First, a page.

At http://phys.org/print298105107.html ... a possibly revealing post on the processes occurring at the junction of tectonic plates - in particular subduction zones where one plate is sliding under another. This is thought to be responsible for volcanism and deep earthquakes. It is also clearly a hypothesis as in the next paragraph it reads, many aspects of subduction are still poorly understood and research is critical to understanding where such orces could lead to human disasters (a reference I suppose to the Boxing Day Indian Ocean earthquake and tsunami).
At http://phys.org/print297607227.html ... the Tamu Massif lies one thousand miles east of Japan and it is a giant volcano that has left its innards spread accross the sea floor, over an area the size of the British Isles, or New Mexico. There are even bigger volcanoes on Mars but the Tamu Massif is regarded as the largest one on Earth.
At www.sciencenews.org/view/generic/id/352848/description/News_in_Brief_Big... ... J Bamber of Bristol University and chums have uncovered a large canyon while mapping Greenland's sub glacial terrain with ice penetrating radar. The Gorge is 800 metres deep and stretches from central Greenland to the island's NE coast. How does this affect ice cores?
An interesting piece of research from Spain - see http://phys.org/print296738850.html ... the facts on the ground don't appear to fit the assumed picture. Mountain glaciers reached a maximum at 26,000 years ago (in Iberia) but the maximum spread of the northern ice sheet occurred at 20,000 years ago - a 6,000 year difference. Why is this?
So, what was happening - was the maximum extent of the ice sheet really at 20,000 years ago or has ice sheet extent been compromised and not all that evidence is due to ice. Might water better explain some of the erratics and gravels, etc.
A parish in Lousiana is being swallowed by a sink hole (sometimes known as swallow holes because they swallow objects). At http://blogs.smithsonianmag.com/smartnews/2013/08/watch-this-sink-hole-s... ... there is a video of the sink hole in action. It is 25 acres across and is still growing. It may have an origin in local mining or an unstable salt cavern (with some seismic activity added to the brew). The US Geological Survey people determined that the collapsing solt cavern was responsible for the earth tremors and not the other way around.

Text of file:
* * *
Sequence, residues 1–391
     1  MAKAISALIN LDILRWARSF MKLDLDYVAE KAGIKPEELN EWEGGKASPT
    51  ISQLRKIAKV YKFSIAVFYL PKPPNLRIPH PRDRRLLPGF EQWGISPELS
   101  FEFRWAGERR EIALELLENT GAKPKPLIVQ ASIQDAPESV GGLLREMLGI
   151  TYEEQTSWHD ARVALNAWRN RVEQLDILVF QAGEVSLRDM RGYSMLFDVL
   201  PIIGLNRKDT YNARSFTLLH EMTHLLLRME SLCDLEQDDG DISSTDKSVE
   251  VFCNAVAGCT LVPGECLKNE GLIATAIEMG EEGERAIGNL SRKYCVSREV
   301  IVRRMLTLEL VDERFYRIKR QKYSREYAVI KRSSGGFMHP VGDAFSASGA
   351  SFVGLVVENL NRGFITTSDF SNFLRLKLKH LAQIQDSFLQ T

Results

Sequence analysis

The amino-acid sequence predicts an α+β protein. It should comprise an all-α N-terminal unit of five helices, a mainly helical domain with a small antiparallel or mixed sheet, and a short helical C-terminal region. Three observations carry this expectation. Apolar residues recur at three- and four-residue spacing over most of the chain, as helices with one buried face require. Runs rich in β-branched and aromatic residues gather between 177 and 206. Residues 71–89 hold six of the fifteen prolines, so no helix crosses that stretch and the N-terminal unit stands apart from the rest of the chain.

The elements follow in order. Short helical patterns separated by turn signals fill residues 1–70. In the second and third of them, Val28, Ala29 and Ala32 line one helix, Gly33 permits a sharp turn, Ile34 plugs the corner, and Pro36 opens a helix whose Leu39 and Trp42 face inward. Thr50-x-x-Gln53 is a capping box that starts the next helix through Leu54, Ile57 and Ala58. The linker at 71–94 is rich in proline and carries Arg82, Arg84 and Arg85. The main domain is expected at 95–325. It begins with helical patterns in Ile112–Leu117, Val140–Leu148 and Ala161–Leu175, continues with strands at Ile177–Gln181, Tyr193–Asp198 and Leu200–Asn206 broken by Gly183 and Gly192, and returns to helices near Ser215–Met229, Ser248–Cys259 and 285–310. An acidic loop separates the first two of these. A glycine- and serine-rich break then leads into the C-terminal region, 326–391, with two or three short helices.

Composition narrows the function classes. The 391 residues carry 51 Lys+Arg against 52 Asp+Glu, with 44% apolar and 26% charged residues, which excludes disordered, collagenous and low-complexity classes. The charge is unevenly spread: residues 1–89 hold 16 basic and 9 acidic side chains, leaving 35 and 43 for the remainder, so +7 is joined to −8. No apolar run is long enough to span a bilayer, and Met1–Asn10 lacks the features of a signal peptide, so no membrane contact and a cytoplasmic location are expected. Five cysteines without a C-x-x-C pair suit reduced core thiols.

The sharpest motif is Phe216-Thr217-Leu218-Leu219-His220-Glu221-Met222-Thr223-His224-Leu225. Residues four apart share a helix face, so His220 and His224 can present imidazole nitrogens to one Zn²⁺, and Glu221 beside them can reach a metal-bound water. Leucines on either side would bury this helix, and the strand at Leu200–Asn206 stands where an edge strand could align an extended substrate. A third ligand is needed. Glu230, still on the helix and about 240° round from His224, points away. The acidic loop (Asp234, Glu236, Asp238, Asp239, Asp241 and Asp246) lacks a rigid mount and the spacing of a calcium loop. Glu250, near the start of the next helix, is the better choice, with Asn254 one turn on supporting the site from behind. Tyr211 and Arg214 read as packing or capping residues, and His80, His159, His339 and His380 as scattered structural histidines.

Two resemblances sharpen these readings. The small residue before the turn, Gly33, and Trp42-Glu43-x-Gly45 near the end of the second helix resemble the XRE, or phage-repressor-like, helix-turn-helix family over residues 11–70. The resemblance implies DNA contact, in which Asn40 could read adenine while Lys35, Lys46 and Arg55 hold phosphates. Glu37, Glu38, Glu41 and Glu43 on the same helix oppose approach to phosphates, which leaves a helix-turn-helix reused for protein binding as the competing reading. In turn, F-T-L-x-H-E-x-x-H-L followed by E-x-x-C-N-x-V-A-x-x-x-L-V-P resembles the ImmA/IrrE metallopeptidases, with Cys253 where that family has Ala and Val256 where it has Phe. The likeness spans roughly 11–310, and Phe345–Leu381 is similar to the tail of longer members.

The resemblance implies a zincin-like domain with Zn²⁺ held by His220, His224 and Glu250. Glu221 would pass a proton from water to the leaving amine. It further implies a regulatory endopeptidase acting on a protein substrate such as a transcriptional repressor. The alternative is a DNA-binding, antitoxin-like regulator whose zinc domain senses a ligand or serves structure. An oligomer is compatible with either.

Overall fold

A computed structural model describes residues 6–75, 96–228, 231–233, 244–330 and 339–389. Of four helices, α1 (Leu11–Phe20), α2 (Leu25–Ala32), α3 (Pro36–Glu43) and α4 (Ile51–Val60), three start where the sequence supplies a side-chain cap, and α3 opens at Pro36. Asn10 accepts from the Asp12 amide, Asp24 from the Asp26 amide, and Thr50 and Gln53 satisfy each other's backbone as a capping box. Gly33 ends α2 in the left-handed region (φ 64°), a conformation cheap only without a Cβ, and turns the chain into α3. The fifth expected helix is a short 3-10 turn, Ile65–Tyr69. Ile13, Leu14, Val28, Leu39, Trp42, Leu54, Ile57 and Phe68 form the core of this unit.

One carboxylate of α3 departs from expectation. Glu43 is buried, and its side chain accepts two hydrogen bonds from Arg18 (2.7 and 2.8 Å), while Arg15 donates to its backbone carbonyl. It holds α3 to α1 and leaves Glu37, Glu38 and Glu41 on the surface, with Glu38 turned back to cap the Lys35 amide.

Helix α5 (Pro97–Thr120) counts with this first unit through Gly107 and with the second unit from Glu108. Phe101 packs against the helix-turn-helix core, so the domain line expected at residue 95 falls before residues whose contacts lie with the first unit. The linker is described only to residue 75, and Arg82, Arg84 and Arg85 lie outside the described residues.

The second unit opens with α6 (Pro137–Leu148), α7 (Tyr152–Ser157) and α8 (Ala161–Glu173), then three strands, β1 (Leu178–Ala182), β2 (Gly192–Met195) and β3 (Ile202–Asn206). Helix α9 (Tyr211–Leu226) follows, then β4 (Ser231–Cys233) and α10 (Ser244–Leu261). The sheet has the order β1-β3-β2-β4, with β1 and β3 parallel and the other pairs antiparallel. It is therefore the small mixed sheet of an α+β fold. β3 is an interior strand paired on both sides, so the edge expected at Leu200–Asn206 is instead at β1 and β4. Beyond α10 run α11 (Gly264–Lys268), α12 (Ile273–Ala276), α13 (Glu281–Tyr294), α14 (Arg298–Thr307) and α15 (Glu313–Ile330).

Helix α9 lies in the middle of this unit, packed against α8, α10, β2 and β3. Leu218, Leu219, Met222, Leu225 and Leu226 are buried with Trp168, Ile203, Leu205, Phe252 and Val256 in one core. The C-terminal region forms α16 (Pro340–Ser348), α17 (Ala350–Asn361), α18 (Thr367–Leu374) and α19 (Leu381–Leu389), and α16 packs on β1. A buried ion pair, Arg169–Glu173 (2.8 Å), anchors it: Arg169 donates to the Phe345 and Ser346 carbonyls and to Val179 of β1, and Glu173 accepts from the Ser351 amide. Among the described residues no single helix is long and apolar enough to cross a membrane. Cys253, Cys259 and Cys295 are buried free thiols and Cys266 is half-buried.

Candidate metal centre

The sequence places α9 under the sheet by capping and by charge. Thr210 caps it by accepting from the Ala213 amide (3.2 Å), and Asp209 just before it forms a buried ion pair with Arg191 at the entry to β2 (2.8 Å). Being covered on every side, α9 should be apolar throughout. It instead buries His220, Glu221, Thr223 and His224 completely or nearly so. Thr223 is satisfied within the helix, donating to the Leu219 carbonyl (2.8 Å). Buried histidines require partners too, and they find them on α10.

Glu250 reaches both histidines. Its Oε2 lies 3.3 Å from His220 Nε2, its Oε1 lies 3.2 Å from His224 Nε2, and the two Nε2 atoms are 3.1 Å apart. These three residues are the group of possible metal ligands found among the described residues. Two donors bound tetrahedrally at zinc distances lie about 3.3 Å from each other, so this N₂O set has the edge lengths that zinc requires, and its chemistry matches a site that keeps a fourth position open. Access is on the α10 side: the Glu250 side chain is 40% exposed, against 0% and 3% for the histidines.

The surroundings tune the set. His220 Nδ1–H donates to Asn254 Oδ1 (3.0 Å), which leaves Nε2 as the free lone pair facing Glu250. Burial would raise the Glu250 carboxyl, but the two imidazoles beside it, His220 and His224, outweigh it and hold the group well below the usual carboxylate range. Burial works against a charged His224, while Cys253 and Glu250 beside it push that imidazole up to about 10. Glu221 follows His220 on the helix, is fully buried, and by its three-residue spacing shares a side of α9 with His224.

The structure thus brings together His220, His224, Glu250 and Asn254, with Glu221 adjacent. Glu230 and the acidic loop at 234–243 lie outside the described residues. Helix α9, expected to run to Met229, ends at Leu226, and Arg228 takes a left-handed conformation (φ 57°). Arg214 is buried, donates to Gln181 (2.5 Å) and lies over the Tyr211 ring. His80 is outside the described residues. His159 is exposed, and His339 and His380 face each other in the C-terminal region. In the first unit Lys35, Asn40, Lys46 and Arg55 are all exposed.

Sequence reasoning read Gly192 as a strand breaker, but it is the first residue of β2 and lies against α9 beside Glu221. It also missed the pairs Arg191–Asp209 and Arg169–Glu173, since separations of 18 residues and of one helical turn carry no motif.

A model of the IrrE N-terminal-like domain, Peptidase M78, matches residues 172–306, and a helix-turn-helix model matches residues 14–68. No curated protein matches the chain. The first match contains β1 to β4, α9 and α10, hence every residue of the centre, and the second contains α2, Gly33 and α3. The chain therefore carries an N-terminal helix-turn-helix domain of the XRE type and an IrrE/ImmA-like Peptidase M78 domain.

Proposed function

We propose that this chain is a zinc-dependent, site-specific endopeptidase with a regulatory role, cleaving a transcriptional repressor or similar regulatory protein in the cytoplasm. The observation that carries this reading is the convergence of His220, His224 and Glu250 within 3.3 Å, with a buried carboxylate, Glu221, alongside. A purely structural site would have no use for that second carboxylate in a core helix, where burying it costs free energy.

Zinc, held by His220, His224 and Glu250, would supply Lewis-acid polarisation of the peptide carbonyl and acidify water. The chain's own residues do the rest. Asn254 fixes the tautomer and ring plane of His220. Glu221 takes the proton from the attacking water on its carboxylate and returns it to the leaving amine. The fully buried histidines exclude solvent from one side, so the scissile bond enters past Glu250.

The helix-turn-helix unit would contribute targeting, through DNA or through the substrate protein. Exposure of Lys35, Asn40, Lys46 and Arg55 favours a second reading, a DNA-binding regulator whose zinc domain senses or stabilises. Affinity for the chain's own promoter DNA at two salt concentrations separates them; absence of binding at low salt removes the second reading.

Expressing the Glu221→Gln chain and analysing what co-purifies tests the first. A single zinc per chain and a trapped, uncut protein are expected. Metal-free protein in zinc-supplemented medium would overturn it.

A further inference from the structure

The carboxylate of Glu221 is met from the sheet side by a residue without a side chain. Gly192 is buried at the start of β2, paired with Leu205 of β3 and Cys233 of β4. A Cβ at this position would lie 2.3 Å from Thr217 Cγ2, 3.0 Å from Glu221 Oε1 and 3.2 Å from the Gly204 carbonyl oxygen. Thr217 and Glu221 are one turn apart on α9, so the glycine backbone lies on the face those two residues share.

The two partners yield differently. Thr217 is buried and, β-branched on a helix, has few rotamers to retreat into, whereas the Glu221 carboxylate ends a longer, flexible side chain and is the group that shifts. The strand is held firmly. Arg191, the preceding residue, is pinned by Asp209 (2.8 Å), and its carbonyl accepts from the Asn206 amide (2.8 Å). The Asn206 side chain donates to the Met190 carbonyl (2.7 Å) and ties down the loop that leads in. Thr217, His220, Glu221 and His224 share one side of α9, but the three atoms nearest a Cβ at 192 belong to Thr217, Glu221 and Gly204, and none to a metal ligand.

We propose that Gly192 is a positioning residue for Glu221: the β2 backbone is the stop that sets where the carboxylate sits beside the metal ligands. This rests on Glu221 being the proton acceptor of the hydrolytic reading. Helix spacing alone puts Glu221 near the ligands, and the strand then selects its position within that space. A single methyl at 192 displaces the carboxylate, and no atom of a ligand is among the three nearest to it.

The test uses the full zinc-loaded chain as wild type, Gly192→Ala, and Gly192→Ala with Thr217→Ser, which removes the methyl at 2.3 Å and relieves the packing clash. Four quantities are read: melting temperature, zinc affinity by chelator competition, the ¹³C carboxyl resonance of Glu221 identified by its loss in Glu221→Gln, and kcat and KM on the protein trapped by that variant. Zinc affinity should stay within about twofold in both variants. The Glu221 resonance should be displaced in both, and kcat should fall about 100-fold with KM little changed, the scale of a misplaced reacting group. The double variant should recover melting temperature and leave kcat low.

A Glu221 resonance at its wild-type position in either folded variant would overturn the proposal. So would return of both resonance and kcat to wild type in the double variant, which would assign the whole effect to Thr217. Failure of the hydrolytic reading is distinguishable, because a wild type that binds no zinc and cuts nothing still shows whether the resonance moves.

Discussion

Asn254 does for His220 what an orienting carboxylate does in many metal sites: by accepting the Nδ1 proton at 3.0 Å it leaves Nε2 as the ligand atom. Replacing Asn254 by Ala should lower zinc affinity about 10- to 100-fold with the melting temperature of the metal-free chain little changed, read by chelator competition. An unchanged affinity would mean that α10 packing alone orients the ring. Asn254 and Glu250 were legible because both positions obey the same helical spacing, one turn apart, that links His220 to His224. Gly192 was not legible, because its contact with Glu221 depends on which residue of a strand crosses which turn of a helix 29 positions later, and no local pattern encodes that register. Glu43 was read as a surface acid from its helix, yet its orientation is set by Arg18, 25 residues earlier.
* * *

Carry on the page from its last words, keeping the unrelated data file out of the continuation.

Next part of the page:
Bearing in mind some of the things blogged at Malaga Bay the following is interesting - see http://phys.org/print296117095.html (the same story is at Science News and Science Daily, and no doubt various other blogs). A huge ocean plume being emitted from a sea floor vent in the South Atlantic is emitting large quantities of iron and manganese, and other micronutrients. The plume from the vent is 1000km in length and is clearly anomalous - as no such vents had previously been found in that situation.
This climate change malarkey has now migrated to the Pliocene period, and it is said to lie at the root of canyons formed on the Andes Plateau in Peru and Bolivia. Canyons are viewed by uniformitarian geologists as a proxy for uplift and tectonic processes. Here we have one of those interpretation problems caused, it would seem, by the geochronological framework rather than by fact, and the enormous amounts of time postulated as elapsing between one strata of rock and the one above it. An in-house anomaly you might say - like creative accountancy.
At http://phys.org/print295079728.html and www.sciencedirect.com/science/article/pii/S0009254113002696 ... iron ore deposits in the Pilbara region of Australia are between 26 and 2 million years of age - much younger than most of the similar geological formations, and this is using uniformitarian methodologies based on decay rates. The iron ore was laid down in the Miocene - iron rich sediments accumulating at the bottom of ancient river channels (over tens of millions of years, they claim).
At http://phys.org/print295101717.html ... mainstream say that Ice Ages and warm interglacials have alternated regularly, almost like clockwork, for millions of years. Earth's climate, the theory alleges, cools roughly every 100,000 years - with vast areas of N America, Europe and Asia buried under very thick ice sheets. At the end of the Ice Age it gets warmer and ice melts - which lasts roughly 10,000 years - before descending into another cooling. In other words, for roughly one tenth of time that has elapsed in the Pleistocene the world is an agreeable place to live.